“It is, however, a discordancy that can never be resolved by any merely medical test. A good example of the impossibility of holding strictly to the medical tests is seen in the theory of the pathological causation of genius promulgated by recent authors. “Genius,” said Dr. Moreau, “is but one of the many branches of the neuropathic tree.” “Genius,” says Dr. Lombroso, “is a symptom of hereditary degeneration of the epileptoid variety, and is allied to moral insanity.” “Whenever a man’s life,” writes Mr. Nisbet, “is at once sufficiently illustrious and recorded with sufficient fullness to be a subject of profitable study, he inevitably falls into the morbid category…. And it is worthy of remark that, as a rule, the greater the genius, the greater the unsoundness.”

Now do these authors, after having succeeded in establishing to their own satisfaction that the works of genius are fruits of disease, consistently proceed thereupon to impugn the VALUE of the fruits? Do they deduce a new spiritual judgment from their new doctrine of existential conditions? Do they frankly forbid us to admire the productions of genius from now onwards? and say outright that no neuropath can ever be a revealer of new truth? No! their immediate spiritual instincts are too strong for them here, and hold their own against inferences which, in mere love of logical consistency, medical materialism ought to be only too glad to draw… But for the most part the masterpieces are left unchallenged…

Saint Teresa might have had the nervous system of the placidest cow, and it would not now save her theology, if the trial of the theology by these other tests should show it to be contemptible. And conversely if her theology can stand these other tests, it will make no difference how hysterical or nervously off her balance Saint Teresa may have been when she was with us here below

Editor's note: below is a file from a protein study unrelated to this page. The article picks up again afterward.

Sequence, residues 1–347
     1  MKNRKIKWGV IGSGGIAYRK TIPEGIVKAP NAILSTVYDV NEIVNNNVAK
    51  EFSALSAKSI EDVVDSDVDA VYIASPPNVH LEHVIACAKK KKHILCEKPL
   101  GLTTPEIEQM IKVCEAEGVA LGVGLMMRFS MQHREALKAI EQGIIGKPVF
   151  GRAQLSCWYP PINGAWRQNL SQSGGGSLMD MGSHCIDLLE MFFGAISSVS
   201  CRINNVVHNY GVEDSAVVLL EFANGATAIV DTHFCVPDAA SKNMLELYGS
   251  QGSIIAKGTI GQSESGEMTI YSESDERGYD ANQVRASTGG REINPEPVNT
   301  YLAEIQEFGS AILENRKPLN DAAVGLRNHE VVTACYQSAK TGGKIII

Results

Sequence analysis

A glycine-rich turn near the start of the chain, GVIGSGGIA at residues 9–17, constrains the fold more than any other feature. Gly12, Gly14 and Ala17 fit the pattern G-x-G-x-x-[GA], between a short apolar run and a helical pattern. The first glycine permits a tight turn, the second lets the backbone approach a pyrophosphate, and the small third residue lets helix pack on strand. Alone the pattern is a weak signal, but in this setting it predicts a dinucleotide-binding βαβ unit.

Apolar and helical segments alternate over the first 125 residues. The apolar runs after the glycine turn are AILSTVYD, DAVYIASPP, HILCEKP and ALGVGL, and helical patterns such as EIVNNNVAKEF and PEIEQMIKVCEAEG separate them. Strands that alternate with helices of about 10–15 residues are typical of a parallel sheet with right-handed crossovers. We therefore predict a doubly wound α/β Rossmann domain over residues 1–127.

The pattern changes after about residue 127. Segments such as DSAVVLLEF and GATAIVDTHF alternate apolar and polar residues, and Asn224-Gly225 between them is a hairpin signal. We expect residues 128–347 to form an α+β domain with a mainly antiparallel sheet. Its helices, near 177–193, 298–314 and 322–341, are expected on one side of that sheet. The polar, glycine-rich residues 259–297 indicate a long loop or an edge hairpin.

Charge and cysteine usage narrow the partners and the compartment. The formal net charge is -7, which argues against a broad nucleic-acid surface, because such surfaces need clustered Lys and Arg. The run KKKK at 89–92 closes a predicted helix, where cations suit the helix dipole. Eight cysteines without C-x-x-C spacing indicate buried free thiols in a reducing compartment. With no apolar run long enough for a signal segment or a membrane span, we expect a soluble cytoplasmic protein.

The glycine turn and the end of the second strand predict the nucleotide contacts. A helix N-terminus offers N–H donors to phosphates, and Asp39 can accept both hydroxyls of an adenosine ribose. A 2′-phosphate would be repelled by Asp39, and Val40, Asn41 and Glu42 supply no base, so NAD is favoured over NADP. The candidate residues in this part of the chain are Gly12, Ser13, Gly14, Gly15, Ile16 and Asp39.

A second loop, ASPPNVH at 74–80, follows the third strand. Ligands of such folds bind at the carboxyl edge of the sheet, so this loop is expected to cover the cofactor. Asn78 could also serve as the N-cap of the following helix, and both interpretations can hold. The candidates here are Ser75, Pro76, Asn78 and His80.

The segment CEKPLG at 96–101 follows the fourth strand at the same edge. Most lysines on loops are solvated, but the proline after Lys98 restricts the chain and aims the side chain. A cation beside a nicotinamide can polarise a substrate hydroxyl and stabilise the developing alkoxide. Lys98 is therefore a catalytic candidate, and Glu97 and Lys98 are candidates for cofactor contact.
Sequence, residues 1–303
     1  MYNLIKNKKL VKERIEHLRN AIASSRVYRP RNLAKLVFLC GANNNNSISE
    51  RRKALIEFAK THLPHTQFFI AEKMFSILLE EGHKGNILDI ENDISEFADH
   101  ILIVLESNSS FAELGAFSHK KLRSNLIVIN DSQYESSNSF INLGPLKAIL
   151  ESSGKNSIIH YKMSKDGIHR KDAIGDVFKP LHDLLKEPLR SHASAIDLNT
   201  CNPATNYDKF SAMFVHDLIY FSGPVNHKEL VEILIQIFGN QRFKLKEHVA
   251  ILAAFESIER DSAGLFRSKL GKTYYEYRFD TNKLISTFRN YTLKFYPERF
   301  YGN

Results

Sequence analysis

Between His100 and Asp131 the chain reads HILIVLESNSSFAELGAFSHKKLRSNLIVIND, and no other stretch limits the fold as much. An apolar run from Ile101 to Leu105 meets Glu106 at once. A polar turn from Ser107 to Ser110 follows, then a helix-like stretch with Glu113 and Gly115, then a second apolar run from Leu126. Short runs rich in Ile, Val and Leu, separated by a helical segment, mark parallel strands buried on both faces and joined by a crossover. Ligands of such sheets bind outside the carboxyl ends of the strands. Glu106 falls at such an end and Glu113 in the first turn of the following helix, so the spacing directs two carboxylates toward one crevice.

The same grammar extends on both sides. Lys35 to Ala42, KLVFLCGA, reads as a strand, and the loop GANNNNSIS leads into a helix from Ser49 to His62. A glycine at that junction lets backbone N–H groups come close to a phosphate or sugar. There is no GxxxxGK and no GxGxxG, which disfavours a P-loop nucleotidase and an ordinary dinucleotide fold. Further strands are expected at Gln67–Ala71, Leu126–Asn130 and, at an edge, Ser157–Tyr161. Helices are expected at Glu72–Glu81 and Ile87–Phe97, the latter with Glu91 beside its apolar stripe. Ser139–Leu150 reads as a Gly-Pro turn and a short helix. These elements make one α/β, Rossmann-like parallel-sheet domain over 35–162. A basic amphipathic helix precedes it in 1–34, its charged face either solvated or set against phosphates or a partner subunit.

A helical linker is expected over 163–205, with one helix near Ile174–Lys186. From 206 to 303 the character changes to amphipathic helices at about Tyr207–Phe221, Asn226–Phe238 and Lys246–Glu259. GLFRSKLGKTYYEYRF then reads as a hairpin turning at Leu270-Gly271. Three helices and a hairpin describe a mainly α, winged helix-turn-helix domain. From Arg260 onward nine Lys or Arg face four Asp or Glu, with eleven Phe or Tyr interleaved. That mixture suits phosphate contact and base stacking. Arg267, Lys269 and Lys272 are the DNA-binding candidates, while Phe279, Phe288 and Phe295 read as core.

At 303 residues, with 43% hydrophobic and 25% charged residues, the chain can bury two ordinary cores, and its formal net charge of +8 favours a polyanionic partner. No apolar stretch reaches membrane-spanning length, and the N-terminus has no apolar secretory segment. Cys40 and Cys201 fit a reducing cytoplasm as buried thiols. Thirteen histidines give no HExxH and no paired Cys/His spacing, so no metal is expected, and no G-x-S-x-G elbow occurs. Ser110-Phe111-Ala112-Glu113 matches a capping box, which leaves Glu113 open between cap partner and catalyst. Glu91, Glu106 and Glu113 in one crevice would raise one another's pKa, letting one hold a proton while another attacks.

Dr. Maudsley is perhaps the cleverest of the rebutters of supernatural religion on grounds of origin. Yet he finds himself forced to write: “What right have we to believe Nature under any obligation to do her work by means of complete minds only? She may find an incomplete mind a more suitable instrument for a particular purpose. It is the work that is done, and the quality in the worker by which it was done, that is alone of moment; and it may be no great matter from a cosmical standpoint, if in other qualities of character he was singularly defective—if indeed he were hypocrite, adulterer, eccentric, or lunatic…. Home we come again, then, to the old and last resort of certitude—namely the common assent of mankind, or of the competent by instruction and training among mankind." [All emphasis added].


Back to the original inquiry about the nature of Prophecy

Now I think this will suffice to defend the position that prophecy even if it is a natural phenomenon can still be of divine nature, real and substantive and of human importance. As I have attempted to show it really should not matter whether Saint Paul or Muhammed suffered from epilepsy or if we label Saint Teresa a lunatic. Ineffective minds and eccentrics may possess the gift of discerning the divine much like the savant possesses a remarkable ability to compose music or invent beautiful scientific theories. So now we can return to our original inquiry is prophecy natural or supernatural?